Father Benson concludes his consideration of the problem of suffering by quoting the Apostle: “‘I fill up,’ says St. Paul, ‘those things that are wanting of the sufferings of Christ’ (Col 1:24). ‘I work out, that is,’ the sufferer may say, ‘under terms of my own humanity, that atonement which He offered in His own.'”
“It does not greatly affect the situation whether or no the sufferer may be fully or indeed at all conscious of his work, for it is in virtue of the humanity common to himself and Christ that his pain avails; the priest at the altar may be an infidel, or violently distracted, yet he consecrates the Body of the Lord; the fever-patient may be rebellious and break out into furious complaint, yet it is nevertheless the patient Christ who suffers in him.”
“How august and tremendous, therefore, becomes the dignity of the suffering soul, who, seeing Christ within her, desires to unite her pain with His, or, rather, to offer her pain as the instrument of His atonement, since Christ alone can bear the sins of the world! These living crucifixes stand clear altogether of that wrangling world of controversy in which we ourselves dispute. And we, too, looking upon them and seeing in them not merely separate human souls that twist in agony, but souls in whom Christ is set forth evidently crucified, learn one more lesson of the Friendship of Christ—the last, perhaps, to be learned of all—that He who in His glorious and mystical Body demands our obedience, in His Sacramental Body our adoration, in His Priest our reverence, in His Saints our admiration, and for His dear sinners our forgiveness, asks too, in those who are conformed to Him outwardly as well as inwardly—who bear their pain solely because He bears it for them—for that which is the most sweet of all the emotions that go to make up friendship,—our tenderness and our compassion.”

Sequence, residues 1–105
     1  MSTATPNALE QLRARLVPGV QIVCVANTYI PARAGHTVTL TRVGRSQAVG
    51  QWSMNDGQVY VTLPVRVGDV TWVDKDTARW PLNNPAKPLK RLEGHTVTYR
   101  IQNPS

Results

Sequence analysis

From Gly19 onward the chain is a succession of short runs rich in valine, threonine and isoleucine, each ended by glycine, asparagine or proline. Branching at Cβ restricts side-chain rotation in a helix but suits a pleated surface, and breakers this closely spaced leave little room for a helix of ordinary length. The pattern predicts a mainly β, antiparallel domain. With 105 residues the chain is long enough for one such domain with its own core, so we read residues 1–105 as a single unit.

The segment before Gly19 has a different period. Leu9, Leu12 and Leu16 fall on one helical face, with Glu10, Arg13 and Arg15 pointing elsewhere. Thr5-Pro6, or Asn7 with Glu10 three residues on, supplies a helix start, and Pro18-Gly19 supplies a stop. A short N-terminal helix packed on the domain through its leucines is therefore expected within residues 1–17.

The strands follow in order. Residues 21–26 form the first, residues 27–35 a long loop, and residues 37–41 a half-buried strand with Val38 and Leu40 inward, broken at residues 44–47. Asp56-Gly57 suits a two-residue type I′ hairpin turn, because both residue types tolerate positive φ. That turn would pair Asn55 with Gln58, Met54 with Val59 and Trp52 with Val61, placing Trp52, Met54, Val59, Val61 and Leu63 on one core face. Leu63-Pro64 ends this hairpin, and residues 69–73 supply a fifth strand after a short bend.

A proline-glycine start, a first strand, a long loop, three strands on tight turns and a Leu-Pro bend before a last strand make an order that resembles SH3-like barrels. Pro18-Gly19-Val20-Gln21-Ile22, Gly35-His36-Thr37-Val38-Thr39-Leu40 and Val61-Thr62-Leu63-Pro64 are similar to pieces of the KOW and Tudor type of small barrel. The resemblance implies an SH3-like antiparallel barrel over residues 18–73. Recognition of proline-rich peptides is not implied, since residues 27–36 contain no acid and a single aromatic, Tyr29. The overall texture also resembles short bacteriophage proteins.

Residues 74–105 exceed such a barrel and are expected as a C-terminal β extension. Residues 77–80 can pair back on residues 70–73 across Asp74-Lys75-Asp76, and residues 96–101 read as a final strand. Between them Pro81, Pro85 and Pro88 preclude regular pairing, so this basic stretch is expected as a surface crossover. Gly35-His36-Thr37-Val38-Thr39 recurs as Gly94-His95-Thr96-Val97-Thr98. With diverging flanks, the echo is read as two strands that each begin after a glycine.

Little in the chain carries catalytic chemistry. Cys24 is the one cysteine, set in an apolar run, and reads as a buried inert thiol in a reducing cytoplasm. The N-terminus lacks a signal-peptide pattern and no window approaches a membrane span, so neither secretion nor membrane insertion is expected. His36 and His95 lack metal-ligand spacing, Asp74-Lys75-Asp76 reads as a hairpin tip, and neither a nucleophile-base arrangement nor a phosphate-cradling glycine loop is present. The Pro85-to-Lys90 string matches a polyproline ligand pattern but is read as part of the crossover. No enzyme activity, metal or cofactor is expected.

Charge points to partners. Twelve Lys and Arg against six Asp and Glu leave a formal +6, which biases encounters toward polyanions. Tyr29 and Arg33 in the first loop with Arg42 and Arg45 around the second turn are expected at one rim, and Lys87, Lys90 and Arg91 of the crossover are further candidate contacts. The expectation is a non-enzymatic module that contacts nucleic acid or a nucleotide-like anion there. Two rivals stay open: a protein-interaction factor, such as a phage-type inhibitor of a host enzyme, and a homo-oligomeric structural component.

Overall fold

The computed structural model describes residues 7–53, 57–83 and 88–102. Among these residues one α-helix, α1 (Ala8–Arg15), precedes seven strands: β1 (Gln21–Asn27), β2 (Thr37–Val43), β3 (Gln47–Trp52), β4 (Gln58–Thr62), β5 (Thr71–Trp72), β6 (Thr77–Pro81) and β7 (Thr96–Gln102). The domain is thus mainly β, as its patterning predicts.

“Then let us make haste to minister wine at last, instead of vinegar, to our Friend who cries for it.”
Quotations from Robert Hugh Benson, The Friendship of Christ (London: Longmans, Green, and Co., 1912).